Definitions

from The Century Dictionary and Cyclopedia

  • n. Same as tallith.

Etymologies

Sorry, no etymologies found.

Examples

  • His action was calm and deliberate, like that habitual to men much given to serious thought upon grave subjects; and it well became his costume, which was an under-garment full-sleeved and reaching to the ankles, and an outer robe called the talith; on his left arm he carried the usual handkerchief for the head, the red fillet swinging loose down his side.

    Ben-Hur, a tale of the Christ

  • The talith (prayer shawl) with which we wrap ourselves when we pray: that is our symbol.

    On Thursday, the Legg report will be published along with...

  • That he means the talith, the thing itself declares; for those borders of purple were no other than the zuzith, certain skirts hung and sewed on to the talith.

    From the Talmud and Hebraica

  • Proverbs 31: 24: that is, sindon, as it is the same with talith, the upper coat.

    From the Talmud and Hebraica

  • And now the question returns; viz. whether by those two coats in the place before us should be meant those two kinds of garments, the talith and the chaluk, that is, that they should take but one of them: or those two kinds doubled; that is, that they should take but one of each?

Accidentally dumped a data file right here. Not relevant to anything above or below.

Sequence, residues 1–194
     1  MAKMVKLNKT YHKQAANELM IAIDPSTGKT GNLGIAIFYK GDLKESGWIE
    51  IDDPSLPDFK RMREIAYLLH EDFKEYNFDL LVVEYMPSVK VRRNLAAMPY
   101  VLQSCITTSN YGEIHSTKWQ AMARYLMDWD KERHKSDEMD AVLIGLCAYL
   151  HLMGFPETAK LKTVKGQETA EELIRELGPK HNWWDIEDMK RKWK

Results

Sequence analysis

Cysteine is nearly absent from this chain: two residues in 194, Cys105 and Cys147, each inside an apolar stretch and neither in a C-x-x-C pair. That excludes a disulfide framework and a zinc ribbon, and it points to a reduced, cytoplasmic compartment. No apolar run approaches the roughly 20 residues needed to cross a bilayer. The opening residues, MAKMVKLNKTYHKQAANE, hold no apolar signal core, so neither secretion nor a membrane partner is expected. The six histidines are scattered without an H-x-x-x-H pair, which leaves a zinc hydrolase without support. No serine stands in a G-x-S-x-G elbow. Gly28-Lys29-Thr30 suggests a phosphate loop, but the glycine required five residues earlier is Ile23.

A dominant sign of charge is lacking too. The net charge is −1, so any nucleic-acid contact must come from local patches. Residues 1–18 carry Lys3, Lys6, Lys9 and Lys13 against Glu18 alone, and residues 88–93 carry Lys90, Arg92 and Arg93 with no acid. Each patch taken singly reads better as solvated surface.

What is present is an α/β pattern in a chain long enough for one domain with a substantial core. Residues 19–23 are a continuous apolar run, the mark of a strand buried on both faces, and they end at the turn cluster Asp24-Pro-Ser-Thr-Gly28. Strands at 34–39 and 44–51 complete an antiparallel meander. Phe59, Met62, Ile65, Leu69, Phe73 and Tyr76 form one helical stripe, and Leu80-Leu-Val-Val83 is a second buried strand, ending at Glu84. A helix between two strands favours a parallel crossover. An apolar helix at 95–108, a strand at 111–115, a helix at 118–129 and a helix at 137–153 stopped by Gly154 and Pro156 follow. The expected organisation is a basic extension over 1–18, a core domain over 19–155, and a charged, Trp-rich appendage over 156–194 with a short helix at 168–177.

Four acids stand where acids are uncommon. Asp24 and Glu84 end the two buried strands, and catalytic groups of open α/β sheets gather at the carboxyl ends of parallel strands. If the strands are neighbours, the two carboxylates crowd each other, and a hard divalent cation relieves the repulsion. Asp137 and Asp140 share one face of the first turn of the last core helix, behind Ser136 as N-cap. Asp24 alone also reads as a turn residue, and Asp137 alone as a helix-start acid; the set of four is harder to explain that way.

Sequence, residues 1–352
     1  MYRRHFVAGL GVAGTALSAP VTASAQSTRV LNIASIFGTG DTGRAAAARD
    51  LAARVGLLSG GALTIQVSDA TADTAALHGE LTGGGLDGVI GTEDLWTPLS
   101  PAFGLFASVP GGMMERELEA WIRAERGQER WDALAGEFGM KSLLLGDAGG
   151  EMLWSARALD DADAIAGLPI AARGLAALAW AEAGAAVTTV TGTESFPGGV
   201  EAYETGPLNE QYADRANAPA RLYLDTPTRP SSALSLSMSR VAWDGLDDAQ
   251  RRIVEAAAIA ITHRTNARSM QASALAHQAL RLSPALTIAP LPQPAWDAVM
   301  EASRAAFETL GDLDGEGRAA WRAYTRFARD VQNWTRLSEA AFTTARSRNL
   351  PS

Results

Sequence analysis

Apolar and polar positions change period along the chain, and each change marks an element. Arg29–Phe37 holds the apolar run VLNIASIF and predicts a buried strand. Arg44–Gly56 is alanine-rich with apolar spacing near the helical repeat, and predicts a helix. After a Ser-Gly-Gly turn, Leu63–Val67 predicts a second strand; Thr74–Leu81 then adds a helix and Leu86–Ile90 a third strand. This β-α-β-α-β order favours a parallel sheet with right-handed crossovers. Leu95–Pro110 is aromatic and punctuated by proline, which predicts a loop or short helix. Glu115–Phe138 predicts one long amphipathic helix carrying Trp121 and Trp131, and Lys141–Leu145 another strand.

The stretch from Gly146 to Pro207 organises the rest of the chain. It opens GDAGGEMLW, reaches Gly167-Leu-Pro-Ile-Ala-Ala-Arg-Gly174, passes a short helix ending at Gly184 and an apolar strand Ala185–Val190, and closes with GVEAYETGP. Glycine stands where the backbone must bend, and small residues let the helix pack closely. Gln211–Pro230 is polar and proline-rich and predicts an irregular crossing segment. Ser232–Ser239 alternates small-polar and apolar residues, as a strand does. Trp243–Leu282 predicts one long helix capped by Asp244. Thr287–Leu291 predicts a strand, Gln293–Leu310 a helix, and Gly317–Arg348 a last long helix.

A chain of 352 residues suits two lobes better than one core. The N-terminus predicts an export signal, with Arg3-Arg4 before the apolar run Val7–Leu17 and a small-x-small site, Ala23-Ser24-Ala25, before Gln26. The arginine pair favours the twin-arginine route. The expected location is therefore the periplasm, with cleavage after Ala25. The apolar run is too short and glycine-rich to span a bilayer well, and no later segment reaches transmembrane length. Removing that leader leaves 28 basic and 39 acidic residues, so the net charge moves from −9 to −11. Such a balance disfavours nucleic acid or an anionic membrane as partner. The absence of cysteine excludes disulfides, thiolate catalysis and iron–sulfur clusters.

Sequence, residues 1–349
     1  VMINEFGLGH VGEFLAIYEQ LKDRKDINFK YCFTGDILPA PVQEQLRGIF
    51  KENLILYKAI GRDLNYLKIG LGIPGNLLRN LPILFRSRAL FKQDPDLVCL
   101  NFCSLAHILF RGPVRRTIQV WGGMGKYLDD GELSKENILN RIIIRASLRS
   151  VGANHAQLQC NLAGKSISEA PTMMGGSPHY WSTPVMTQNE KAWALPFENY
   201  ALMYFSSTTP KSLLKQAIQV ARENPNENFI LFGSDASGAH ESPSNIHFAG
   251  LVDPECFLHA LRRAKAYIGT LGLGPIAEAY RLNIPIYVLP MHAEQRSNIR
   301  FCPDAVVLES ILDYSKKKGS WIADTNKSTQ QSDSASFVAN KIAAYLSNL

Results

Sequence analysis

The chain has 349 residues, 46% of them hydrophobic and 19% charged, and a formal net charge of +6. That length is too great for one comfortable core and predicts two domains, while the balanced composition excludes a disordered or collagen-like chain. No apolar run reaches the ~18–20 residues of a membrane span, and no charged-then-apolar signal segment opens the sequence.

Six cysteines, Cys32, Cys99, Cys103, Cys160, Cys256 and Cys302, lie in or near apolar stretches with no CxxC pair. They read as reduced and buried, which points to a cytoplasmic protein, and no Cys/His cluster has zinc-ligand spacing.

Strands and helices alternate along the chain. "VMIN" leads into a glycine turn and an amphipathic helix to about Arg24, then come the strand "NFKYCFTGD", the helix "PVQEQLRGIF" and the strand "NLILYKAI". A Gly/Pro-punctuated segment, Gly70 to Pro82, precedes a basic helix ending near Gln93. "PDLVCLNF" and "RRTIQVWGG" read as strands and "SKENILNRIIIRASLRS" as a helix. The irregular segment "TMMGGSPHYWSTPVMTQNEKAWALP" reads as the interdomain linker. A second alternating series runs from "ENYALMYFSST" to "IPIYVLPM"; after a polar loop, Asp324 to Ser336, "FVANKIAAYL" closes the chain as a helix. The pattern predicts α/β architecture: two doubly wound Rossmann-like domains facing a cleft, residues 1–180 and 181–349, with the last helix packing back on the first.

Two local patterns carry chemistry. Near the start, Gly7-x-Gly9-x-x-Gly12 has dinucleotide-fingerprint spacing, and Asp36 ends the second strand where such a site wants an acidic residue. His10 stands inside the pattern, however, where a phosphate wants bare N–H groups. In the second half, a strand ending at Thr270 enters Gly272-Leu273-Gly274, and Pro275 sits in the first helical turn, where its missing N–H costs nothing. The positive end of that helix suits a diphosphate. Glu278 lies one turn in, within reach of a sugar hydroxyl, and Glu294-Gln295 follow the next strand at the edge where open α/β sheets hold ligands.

From the Talmud and Hebraica

  • Lord commands them not to put on two coats, the foregoing words may best explain what he means by it: for when he cuts them short of other parts of garments and necessaries, such as a scrip, a staff, and sandals, we may reasonably suppose he would cut them short of one of the ordinary garments, either the talith or the chaluk.

    From the Talmud and Hebraica

  • But now you clearly see, they themselves being our teachers, what is the meaning of being clothed with a sindon, with them, namely, to have a talith or cloak made of linen; that garment to which the fringes hung.

    From the Talmud and Hebraica

  • But in the place quoted is no mention of talith in so many syllables at all; but instead of it a Greek word for a Hebrew one, a coat.

    From the Talmud and Hebraica

  • The words of the Baptist, He that hath two coats, let him impart, &c., may be also understood in this sense, that he that hath both the talith and the chaluk may give to him that is naked and hath neither, either the one or the other.

    From the Talmud and Hebraica

  • Jewish garment was talith, the outward garment, and chaluk, the inward.

    From the Talmud and Hebraica

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